Google Turns Over Data on Suspected Pedophiles to Brazillian Authorities

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On Wednesday, Google turned over approximately 3,261 files to a Brazilian senate commission charged with looking into allegations that illegal images of minors were posted in restricted-access photo albums on Google’s Orkut social networking site.  In turning over the data on suspected pedophiles, Google gave into the pressure to lift their confidentiality duty to its users.

In terms of social networking sites, within Brazil, Orkut is by far the post popular choice.  It beats out rivals MySpace and Facebook, and about 27 million of Orkut’s 60 million members hail from the country of Brazil.

Orkut has been suspected as being an online gathering spot for pedophiles and child predators, and the Brazilian government claims to have received over 50,000 allegations of pedophilia in recent years, 90% of which they say are related to Orkut.

Demostenes Torres, a member of the senate commission, said that he believes that Google’s information will help to incriminate around 200 pedophiles.

Google met with Brazilian authorities on Wednesday to strike the deal that will see the hand-over of information.  In the past, Google had been threatened with both criminal and civil lawsuits if theyd id not comply and release the data.

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  • Joshua Steimle

    From Google’s terms and conditions:

    We have a good faith belief that access, use, preservation or disclosure of such information is reasonably necessary to (a) satisfy any applicable law, regulation, legal process or enforceable governmental request, (b) enforce applicable Terms of Service, including investigation of potential violations thereof, (c) detect, prevent, or otherwise address fraud, security or technical issues, or (d) protect against imminent harm to the rights, property or safety of Google, its users or the public as required or permitted by law.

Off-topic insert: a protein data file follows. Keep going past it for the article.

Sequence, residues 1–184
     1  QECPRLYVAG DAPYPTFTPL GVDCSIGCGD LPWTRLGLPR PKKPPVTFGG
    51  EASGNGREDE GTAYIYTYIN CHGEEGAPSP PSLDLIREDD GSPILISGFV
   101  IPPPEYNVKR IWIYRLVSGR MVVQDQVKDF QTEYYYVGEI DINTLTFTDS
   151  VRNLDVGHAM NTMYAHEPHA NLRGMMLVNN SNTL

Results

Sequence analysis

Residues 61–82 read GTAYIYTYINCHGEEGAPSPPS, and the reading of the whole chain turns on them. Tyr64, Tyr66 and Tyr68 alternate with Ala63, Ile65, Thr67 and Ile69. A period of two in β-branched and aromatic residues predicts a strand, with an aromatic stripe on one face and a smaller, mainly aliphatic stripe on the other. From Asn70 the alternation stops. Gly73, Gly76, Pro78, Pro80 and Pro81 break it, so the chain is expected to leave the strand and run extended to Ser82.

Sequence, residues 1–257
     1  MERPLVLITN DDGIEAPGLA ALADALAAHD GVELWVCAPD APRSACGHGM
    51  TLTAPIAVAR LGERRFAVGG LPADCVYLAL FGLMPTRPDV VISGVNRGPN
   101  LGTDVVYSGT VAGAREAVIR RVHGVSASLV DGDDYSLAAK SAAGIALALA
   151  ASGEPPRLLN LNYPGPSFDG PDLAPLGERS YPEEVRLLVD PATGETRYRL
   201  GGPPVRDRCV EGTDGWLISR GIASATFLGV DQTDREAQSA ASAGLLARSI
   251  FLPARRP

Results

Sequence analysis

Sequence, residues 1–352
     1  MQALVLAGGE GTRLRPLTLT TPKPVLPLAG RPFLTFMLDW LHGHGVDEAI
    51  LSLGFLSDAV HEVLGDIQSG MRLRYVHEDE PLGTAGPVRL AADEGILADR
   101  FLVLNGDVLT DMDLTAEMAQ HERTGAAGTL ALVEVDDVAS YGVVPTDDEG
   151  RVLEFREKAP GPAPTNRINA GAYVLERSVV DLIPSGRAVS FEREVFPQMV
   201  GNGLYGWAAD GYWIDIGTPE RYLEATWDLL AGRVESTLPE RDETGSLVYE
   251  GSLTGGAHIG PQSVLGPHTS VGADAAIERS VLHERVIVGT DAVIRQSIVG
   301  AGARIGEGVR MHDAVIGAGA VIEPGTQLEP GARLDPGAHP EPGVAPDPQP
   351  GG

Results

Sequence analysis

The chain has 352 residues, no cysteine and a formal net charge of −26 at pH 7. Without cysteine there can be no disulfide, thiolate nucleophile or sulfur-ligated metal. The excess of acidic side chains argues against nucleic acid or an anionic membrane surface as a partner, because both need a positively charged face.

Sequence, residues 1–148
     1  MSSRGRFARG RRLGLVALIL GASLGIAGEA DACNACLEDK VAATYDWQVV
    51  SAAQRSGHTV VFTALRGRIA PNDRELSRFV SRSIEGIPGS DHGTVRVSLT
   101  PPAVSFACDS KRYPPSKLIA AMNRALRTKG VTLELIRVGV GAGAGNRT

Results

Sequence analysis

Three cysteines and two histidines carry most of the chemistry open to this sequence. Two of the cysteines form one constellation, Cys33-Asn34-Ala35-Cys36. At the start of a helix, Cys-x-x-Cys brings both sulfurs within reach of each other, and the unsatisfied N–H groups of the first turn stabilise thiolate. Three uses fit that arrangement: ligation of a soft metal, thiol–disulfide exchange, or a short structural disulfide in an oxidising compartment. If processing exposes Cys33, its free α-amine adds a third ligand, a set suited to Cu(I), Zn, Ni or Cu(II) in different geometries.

I’m not a lawyer, nor do I play one on TV, but I believe what this paragraph says is that Google reserves the right to turn over to legal authorities any information they want to if it’s requested of them. To say that “Google gave into the pressure to lift their confidentiality duty to its users” is to assign to them a duty that may exist in the collective consciousness but which has no basis in their published terms and conditions or privacy policy and therefore if Google were to NOT turn over this information they would be in violation of their own policy, and if they don’t keep their own policy then that would seem to be in violation of a much larger and more important duty.

    Now, if you want to claim that Google has a duty to change their terms and conditions to say “We’ll never share your personal information no matter what.” then that’s another matter.